Thus the blood that’s shed and awaits vengeance symbolizes the victim, who is not at peace, and who endangers the nation, polluting the land and distancing God from it. Another factor must also be mentioned: the bereaved family. Abel’s blood cries out to God because it has nobody else to cry to. Cain, Abel’s elder brother, is also his murderer. In most cases, however, a relative of the murder victim is responsible for avenging the death and is even authorized to do so; the term “avenger [lit., redeemer] of blood” (go’el hadam) aptly describes the relative’s role. The victim’s blood cries out for redemption, which is attainable only through the shedding of more blood – the murderer’s.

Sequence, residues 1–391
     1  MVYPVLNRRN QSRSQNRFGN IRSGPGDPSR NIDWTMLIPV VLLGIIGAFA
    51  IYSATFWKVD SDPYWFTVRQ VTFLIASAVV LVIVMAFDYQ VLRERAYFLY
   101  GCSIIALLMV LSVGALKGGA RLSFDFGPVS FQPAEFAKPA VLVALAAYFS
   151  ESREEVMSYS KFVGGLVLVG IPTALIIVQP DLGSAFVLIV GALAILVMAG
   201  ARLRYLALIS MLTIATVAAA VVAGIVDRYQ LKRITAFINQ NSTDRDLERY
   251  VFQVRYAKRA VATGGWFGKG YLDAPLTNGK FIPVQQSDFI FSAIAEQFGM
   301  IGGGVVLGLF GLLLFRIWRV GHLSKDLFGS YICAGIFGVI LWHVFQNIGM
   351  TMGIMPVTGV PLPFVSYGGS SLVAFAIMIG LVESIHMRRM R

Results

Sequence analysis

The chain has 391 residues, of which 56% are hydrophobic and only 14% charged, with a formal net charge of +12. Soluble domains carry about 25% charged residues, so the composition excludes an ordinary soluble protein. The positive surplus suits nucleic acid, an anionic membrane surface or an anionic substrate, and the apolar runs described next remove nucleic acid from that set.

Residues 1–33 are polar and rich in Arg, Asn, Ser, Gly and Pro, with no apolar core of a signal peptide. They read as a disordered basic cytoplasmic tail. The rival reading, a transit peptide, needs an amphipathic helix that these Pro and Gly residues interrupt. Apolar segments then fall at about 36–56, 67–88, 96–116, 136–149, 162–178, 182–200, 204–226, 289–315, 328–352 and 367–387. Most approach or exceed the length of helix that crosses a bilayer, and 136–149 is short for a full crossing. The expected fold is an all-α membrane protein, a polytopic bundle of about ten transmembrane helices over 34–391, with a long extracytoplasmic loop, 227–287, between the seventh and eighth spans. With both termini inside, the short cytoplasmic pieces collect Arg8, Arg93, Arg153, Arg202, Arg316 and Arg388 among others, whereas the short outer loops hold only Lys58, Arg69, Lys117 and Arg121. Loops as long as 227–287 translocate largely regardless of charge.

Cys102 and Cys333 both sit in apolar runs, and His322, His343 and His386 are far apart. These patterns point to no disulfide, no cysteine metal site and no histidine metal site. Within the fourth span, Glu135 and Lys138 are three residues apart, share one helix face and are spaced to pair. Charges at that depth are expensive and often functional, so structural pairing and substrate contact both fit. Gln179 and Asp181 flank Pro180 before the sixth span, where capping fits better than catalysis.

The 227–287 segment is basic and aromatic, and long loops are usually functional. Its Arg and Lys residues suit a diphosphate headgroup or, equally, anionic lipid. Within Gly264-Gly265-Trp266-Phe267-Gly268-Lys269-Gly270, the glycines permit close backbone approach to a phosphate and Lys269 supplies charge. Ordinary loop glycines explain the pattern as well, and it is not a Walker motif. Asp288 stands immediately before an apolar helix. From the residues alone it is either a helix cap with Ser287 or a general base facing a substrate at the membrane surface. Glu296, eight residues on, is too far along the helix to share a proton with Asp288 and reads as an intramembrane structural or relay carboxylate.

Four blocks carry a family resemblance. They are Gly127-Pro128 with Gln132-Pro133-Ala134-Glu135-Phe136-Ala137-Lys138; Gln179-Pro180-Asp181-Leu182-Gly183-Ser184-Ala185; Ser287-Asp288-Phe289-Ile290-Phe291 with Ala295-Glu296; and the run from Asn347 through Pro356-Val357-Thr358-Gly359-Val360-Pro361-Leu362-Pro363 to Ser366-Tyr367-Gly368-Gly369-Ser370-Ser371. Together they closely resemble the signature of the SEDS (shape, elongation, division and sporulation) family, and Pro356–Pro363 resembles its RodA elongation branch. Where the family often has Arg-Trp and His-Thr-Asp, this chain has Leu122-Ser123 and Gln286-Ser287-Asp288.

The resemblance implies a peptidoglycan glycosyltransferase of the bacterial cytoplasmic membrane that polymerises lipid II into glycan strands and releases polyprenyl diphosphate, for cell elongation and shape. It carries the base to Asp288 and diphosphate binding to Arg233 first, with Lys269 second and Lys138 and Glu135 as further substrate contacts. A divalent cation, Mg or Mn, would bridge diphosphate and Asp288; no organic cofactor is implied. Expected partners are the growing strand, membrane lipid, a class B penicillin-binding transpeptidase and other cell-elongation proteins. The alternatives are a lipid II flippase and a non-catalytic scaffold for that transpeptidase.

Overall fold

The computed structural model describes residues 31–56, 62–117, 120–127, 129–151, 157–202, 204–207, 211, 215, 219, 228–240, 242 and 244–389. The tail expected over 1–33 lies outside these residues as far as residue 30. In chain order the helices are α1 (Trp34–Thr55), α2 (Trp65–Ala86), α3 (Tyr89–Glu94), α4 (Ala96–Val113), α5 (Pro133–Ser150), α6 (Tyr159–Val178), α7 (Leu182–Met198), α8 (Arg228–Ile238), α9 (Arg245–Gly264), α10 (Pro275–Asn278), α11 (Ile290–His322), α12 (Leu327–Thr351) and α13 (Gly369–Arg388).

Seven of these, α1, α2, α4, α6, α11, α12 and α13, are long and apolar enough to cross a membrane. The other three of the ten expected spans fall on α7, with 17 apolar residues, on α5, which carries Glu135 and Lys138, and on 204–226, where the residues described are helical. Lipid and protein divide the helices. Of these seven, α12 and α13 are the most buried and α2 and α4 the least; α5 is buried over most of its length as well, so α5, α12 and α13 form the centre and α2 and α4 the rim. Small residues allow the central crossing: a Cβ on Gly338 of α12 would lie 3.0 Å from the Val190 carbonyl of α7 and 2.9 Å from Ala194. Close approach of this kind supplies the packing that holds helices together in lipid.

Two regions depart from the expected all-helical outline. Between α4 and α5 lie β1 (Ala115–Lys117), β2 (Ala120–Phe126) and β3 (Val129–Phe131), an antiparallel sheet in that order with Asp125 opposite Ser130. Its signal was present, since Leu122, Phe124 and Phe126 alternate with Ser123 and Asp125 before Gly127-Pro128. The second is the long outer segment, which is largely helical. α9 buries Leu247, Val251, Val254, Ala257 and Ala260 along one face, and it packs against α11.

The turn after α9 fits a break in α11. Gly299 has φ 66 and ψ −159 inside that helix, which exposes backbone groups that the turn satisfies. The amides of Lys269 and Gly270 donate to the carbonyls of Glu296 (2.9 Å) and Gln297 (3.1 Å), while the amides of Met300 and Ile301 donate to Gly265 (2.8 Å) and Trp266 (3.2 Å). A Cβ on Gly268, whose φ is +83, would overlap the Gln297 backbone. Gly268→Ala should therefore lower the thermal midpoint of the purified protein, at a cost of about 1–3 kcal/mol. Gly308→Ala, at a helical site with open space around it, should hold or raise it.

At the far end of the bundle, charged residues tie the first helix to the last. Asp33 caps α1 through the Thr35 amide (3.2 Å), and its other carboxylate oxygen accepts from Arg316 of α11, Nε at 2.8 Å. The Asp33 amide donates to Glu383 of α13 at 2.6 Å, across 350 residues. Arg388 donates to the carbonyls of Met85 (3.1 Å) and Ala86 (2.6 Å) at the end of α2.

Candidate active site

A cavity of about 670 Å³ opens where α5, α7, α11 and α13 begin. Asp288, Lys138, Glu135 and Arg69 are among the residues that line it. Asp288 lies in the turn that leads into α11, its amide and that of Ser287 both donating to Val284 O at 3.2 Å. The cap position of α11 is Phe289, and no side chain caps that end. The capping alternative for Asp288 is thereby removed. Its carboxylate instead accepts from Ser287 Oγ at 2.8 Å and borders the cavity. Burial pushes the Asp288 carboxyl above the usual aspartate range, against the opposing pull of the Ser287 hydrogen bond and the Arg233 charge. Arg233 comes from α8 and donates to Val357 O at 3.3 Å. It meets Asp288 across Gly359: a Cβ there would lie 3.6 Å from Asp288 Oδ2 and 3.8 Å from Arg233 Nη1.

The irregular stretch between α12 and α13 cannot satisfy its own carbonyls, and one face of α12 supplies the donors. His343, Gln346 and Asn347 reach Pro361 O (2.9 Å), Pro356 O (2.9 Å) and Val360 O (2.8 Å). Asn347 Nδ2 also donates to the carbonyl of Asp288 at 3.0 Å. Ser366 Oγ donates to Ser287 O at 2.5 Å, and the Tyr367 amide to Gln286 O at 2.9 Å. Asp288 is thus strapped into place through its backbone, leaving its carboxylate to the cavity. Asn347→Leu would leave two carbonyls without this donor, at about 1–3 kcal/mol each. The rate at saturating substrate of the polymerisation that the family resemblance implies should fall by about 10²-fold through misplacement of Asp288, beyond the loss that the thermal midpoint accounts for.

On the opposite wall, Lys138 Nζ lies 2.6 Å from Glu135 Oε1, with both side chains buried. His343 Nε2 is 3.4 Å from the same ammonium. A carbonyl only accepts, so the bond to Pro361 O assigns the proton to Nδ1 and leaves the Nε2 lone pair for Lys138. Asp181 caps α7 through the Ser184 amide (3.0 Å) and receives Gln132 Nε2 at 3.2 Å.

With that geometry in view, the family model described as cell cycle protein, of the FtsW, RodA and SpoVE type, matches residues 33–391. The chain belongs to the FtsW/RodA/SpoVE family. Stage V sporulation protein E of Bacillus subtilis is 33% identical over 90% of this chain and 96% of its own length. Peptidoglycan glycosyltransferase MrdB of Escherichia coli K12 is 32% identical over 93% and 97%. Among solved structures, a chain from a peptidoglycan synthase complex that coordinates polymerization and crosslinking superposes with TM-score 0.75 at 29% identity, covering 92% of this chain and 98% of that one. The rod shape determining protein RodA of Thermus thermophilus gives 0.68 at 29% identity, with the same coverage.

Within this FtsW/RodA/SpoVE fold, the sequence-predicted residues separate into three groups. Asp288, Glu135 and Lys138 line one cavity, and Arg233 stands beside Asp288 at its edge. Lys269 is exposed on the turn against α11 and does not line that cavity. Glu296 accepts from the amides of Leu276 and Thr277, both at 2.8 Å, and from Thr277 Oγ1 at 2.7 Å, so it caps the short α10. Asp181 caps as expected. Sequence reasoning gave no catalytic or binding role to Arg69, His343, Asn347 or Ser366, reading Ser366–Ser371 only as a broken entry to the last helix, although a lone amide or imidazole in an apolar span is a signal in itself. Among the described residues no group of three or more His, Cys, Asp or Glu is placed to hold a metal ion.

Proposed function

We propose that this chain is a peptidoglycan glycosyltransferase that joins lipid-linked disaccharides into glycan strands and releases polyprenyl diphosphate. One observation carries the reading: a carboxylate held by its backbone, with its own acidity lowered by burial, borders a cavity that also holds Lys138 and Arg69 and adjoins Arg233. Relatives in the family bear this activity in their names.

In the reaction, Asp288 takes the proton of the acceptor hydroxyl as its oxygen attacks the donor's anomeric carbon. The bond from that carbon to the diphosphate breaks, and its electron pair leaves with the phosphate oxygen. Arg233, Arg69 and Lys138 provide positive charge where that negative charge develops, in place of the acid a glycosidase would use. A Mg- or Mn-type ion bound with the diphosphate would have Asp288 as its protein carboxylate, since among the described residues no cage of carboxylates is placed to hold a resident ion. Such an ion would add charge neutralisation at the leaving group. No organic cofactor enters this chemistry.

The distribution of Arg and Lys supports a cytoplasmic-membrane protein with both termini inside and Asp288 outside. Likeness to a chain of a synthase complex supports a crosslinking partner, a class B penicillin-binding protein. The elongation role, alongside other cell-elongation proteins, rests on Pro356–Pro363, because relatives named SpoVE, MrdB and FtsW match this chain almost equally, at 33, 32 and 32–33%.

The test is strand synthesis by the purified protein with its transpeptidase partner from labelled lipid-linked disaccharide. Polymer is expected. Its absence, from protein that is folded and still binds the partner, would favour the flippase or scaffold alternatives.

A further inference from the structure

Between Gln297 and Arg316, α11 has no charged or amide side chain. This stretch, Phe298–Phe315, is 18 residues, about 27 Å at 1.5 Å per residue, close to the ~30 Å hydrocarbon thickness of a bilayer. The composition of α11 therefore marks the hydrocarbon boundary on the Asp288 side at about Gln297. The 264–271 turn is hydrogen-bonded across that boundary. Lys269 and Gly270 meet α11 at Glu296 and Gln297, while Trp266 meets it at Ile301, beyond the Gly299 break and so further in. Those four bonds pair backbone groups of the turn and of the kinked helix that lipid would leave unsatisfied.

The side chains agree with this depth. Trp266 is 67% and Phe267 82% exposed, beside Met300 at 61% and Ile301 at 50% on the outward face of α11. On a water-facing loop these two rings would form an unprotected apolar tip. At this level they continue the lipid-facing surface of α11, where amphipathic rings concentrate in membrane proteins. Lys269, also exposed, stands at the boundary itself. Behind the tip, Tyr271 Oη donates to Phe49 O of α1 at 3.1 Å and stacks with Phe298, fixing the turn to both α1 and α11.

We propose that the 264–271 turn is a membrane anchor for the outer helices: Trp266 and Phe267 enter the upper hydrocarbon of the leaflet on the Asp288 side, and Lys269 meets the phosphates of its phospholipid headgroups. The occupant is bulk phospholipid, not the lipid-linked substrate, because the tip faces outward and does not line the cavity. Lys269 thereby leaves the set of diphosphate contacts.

Deuteronomy’s description of the lust for vengeance – “lest the avenger of blood pursue the manslayer, while his heart is hot, and overtake him, because the way is long, and smite him mortally” (Deut. 19:6) – relates to accidental murderers, whom avengers are prohibited from killing. An avenger with a heart that is “hot” cannot distinguish between accidental homicide and murder, and is thus driven to pursue the perpetrators. Had the Torah not commanded that cities of refuge be scattered throughout the land for the protection of accidental murderers, avengers would certainly have killed them. Despite the emotions involved, in the case of deliberate murder, vengeance is legitimate; the authorities must deny the perpetrators shelter and hand them over: “Then the elders of his city shall send and fetch him thence, and deliver him into the hand of the avenger of blood, that he may die” (Deut. 19:12). Also in Parashat Masei, vengeance is presented as the usual, fitting punishment for an intentional murderer.